Although some people find the antiseptic smell of todays modern hospitals unpleasant, the odors were much worse for patients and medical personnel in makeshift hospitals during the Civil War.

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1. Although some people find the antiseptic smell of today’s modern hospitals unpleasant, the odors were much worse for patients and medical personnel in makeshift hospitals during the Civil War. In those days of poor sanitation and hygiene, soldiers’ wounds often became infected, and gangrene was common. The odor of gangrenous wounds was repugnant, and yet nurses and doctors were able to continually care for these patients. After combining what you learned about how the brain processes information in chapter 14 with the facts about olfaction presented in this chapter, explain how those Civil War medical professionals were able to tolerate the unpleasant smells.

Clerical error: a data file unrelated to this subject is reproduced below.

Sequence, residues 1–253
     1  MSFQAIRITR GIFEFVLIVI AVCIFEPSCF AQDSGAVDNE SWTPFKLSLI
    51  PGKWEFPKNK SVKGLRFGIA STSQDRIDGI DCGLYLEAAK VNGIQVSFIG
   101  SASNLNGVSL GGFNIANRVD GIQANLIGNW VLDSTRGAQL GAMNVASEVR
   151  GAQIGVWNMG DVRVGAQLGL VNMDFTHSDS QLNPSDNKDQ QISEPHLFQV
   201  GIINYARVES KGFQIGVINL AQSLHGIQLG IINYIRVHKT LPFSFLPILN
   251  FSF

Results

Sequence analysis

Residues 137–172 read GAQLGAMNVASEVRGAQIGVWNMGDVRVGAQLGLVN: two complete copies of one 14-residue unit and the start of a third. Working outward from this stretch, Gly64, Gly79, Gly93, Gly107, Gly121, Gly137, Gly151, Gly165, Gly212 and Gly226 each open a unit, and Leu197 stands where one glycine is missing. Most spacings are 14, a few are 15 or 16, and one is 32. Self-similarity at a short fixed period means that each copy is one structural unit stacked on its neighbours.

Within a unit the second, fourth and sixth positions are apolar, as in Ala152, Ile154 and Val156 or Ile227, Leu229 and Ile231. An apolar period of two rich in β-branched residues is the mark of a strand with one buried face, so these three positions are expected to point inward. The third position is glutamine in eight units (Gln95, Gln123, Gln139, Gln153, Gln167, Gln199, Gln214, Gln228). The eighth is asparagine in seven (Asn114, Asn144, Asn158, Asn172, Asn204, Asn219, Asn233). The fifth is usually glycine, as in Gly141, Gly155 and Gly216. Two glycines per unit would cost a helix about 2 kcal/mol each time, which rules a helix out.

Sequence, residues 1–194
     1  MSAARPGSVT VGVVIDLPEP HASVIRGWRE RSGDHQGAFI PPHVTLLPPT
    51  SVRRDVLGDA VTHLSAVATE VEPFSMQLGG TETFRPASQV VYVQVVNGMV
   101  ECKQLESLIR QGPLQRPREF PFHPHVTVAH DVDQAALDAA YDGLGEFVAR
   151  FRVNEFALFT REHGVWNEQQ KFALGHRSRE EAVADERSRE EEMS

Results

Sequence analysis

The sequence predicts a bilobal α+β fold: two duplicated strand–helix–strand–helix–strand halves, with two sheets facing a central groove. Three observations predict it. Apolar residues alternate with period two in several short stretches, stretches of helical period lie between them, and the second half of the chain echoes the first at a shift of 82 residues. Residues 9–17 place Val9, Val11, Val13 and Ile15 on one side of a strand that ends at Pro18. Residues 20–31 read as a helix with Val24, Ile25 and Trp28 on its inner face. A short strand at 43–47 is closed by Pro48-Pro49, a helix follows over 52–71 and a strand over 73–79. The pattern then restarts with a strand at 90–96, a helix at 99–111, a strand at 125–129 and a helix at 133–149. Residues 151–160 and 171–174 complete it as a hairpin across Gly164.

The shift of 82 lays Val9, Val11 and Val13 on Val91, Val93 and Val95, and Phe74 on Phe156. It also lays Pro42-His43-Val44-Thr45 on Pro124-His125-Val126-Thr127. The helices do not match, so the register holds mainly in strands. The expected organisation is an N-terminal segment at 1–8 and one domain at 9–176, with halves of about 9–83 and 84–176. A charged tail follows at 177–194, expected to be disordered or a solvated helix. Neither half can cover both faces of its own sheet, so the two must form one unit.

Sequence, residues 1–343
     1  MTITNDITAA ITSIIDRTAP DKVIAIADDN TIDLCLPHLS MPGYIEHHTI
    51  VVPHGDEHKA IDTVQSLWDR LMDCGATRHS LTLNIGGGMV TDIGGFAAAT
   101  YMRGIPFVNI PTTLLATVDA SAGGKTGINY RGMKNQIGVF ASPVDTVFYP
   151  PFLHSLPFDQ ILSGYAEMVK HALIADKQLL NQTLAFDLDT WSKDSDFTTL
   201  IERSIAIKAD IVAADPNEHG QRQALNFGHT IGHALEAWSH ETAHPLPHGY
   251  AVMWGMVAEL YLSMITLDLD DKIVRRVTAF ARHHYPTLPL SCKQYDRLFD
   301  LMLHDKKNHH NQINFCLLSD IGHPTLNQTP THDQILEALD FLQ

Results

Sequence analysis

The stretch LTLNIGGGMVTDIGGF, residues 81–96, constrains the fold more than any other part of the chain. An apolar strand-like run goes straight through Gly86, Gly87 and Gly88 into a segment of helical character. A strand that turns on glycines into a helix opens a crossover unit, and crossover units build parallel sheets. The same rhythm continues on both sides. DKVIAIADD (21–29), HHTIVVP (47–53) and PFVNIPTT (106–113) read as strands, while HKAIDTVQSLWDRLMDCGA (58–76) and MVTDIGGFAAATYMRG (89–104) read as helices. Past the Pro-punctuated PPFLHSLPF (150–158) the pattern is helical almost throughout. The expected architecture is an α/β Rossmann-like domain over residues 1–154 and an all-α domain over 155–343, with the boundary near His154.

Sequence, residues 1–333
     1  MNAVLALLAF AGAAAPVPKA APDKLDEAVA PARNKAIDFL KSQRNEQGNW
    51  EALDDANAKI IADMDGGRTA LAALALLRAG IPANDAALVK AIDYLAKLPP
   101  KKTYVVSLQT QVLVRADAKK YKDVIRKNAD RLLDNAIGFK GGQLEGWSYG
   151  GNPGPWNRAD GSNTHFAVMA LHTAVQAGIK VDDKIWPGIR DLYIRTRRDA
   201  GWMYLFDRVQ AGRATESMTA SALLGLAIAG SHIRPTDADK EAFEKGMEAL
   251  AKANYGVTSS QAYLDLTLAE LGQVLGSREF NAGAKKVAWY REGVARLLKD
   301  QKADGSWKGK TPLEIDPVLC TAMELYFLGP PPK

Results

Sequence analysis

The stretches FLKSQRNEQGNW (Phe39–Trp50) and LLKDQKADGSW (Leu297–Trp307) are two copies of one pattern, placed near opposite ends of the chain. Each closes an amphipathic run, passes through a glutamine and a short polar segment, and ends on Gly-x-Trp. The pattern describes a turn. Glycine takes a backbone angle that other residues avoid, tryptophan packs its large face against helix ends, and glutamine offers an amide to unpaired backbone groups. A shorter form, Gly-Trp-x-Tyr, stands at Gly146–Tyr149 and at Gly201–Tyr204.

2. Early one morning Officer Smith was sitting in her patrol car observing traffic near the town’s elementary school when a sports car suddenly sped past. Realizing that students may be crossing the same street on their way to school, Officer Smith quickly pursued the speeding car. By recalling information about the integration of nervous system functions from previous chapters and reading chapter 16, describe in general the neural pathways involved in Officer Smith’s quick reactions—movement of her skeletal muscles, increased heart rate, and decreased movements and secretions in her digestive system.

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